This is a big topic for me, and one that will definitely warrant a few followup posts. But it’s something I’ve been thinking about sharing for a long time, because of all my creative habits and tools, journaling is by far, the one I value most.
And, disclaimer: this post is definitely written with my fellow artist in mind, but I really believe anyone can benefit from a journaling practice. Feel free to scavenge or discard whatever you please from this ❤
I should mention too, that I have always been a natural journal-er. I began keeping a journal in third or fourth grade, and I have kept them ever since. Journaling may not be for everyone, and there is no right or wrong way to do it.
So I’m just going to share why this has been such a valuable tool for me:
Journaling keeps you honest with yourself.
In life, it’s easy to believe that how you’re feeling now is how you’ve always felt. When feelings are up, the past is filtered through the present, and it’s hard to keep things in context. When you journal your feelings regularly, you can go back and see how long you’ve actually felt a certain way.
For me, that helps prevent a drift into artist’s block, or a feeling of hopelessness when it’s been “forever” since I’ve had a new idea. Usually, it hasn’t been forever, it’s been 3 weeks. And it’s happened before, and I survived. Context is important, and journaling helps create and maintain that context.
Here’s the shorthand I use in my journal for a “checkpoint” (old school Mario fans will appreciate it):
When I see that, I know it’s a place where I took a pause and wrote down how I’m feeling, how my relationships are doing, what music I’m listening to, how I’m feeling about my art career, etc. It’s helpful to look back and see these sometimes.
Journaling helps you build on your ideas.
Our brains are fast. How many times have you had an idea that you know was incredible, but two days later you can’t remember it?
How rad would it be if you could trust that your idea was written down somewhere, to retrieve and reexamine for later use?
For a creative person, that’s what a journal can be. A catalogue of ideas.
If you’re anything like me, you have lots of half-baked ideas all the time. You know it has potential, but it’s not complete yet. If you don’t write it down, it’ll probably be gone forever. So, write them down and come back later.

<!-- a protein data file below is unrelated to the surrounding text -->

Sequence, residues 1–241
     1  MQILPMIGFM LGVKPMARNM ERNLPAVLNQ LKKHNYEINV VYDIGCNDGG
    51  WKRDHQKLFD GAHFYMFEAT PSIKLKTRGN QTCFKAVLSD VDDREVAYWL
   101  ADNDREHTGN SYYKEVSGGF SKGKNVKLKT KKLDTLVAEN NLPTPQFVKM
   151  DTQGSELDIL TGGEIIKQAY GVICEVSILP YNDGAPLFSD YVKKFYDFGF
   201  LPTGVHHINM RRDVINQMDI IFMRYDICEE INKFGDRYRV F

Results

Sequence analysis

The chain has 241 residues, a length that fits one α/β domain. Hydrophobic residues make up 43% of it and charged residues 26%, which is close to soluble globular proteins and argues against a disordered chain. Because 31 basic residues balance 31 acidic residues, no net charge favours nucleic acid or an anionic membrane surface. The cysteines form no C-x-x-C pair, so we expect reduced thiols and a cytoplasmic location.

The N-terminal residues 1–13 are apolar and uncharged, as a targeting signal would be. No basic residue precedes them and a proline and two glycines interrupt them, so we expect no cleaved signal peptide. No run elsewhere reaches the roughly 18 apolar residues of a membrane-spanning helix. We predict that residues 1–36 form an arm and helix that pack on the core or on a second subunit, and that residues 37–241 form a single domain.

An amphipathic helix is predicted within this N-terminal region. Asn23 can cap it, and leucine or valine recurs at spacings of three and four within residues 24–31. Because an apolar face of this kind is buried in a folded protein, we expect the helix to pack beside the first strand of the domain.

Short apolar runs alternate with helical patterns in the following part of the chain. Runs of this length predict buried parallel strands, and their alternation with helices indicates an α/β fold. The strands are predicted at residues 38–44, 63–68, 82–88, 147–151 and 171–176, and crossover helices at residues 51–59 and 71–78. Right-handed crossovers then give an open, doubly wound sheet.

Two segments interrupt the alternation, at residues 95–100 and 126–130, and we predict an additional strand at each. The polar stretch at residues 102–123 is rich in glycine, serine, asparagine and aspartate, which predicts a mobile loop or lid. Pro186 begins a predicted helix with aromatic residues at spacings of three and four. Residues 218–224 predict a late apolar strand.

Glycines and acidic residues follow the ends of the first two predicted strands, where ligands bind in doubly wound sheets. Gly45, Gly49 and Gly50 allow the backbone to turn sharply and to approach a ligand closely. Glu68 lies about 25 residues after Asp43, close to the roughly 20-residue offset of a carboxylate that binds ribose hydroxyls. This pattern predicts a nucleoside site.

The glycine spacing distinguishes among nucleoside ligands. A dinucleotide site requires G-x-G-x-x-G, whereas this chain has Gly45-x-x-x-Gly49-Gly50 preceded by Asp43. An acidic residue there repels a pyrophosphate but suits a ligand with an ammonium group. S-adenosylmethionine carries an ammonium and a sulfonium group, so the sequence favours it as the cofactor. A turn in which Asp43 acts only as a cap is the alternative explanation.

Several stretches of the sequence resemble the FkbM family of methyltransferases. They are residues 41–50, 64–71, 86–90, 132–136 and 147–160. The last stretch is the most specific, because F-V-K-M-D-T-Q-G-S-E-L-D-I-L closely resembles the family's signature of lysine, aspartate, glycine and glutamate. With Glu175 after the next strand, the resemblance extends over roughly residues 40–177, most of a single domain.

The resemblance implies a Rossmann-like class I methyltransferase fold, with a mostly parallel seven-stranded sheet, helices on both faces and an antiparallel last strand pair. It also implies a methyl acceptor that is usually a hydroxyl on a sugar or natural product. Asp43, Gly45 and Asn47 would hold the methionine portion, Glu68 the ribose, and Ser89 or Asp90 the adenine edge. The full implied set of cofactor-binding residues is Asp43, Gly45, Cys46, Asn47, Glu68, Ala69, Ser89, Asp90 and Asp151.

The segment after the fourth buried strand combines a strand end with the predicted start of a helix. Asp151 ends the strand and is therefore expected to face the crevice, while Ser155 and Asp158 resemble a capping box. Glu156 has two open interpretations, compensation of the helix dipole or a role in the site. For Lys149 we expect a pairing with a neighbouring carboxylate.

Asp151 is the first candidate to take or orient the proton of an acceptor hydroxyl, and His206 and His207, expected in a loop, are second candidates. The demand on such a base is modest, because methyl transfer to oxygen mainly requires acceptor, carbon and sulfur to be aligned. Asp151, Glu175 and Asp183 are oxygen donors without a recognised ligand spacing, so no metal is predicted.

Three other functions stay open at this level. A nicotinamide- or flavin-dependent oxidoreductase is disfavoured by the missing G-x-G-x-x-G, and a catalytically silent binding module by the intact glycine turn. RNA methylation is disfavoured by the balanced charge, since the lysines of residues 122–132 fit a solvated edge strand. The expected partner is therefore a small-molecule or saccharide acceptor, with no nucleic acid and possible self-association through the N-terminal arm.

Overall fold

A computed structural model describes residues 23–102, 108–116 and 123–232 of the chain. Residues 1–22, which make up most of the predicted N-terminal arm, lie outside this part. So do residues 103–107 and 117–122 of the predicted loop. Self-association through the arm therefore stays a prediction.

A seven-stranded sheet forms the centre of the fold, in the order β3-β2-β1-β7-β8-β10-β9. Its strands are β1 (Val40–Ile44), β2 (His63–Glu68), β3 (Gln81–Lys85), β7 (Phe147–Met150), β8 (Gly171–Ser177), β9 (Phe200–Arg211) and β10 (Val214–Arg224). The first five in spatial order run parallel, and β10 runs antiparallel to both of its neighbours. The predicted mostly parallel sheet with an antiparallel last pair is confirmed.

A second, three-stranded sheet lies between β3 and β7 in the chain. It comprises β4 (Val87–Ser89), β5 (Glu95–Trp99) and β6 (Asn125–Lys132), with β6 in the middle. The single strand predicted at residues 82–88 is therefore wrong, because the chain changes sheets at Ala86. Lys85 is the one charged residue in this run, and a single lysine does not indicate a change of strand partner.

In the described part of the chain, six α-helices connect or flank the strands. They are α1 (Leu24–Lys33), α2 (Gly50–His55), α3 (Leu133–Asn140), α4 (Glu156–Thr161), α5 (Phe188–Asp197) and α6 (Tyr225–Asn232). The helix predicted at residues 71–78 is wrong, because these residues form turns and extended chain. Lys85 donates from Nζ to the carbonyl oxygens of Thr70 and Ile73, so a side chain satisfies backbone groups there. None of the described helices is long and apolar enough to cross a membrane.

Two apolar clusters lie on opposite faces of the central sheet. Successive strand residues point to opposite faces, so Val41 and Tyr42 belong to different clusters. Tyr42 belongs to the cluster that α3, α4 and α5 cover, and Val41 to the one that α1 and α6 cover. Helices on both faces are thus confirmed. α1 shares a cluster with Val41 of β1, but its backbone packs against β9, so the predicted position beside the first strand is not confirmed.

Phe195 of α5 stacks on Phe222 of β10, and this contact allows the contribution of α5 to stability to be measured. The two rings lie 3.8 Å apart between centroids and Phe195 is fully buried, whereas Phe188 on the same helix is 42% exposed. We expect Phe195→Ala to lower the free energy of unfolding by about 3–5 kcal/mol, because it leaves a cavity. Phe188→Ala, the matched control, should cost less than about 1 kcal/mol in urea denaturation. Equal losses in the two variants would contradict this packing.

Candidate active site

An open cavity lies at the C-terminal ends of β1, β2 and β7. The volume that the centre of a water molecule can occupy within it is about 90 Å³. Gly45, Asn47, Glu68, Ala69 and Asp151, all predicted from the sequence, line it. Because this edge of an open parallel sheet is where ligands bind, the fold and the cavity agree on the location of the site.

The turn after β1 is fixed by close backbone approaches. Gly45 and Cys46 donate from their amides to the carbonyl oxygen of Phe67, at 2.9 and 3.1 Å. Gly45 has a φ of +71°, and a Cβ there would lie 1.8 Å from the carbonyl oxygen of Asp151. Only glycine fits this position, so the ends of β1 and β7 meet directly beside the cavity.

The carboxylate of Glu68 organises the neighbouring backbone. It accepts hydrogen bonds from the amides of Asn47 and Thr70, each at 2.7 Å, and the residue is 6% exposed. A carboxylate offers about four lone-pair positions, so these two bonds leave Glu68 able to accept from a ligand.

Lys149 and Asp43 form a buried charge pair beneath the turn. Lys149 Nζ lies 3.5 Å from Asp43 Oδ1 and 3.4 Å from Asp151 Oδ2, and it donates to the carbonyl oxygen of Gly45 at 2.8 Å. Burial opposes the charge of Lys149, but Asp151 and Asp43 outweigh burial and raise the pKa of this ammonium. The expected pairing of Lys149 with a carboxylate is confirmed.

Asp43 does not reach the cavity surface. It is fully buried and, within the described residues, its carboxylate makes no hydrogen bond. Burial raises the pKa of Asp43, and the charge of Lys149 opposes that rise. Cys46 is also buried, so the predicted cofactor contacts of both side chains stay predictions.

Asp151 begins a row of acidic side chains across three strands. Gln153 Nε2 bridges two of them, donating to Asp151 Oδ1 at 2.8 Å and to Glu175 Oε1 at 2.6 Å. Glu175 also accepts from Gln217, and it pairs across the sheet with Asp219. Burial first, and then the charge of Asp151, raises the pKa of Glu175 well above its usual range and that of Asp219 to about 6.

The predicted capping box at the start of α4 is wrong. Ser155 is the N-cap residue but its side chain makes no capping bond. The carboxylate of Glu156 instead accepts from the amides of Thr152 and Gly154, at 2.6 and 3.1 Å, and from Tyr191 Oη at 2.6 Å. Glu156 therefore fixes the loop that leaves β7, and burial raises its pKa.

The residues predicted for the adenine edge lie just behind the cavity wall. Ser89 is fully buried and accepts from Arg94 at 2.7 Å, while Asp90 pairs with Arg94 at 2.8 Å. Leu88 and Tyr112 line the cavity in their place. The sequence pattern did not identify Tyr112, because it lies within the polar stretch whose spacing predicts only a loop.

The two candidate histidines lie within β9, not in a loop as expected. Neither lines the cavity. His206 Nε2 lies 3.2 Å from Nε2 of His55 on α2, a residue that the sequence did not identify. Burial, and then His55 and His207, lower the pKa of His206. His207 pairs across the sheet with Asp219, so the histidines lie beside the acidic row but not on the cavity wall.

Here’s the shorthand I use in my journal to let me know later that I’ve recorded an idea I might want to play with later:
Journaling keeps you creating.
You know that feeling when you’re excited to sit down and make cool stuff, but you don’t know what? You might look around the room and see if anything catches your eye, browse the internet to see if there’s any inspiration there… and then stay on the Internet until you get hungry and give up.
While there’s no perfect cure for distraction, I’ve found that an active journaling habit helps manage my “what should I draw?” syndrome.
If you’ve been filling a journal with ideas, quick doodles of things you see, and inspiration, you will create your own personal database of inspiration.
Here’s an example from my journal:
I had a quick idea while I was riding the bus, so I jotted it down in my ugly shorthand. Then a week later, when I sat down in the mood to draw something for myself, I flipped through my journal and found this little gem.
And drew this from it:
If you’re like me, your brain won’t have the good ideas at the forefront all the time. Especially not when you need them. A journal can become your own creative database.
That’s all for now. Go forth and journal, you magnificent weirdo!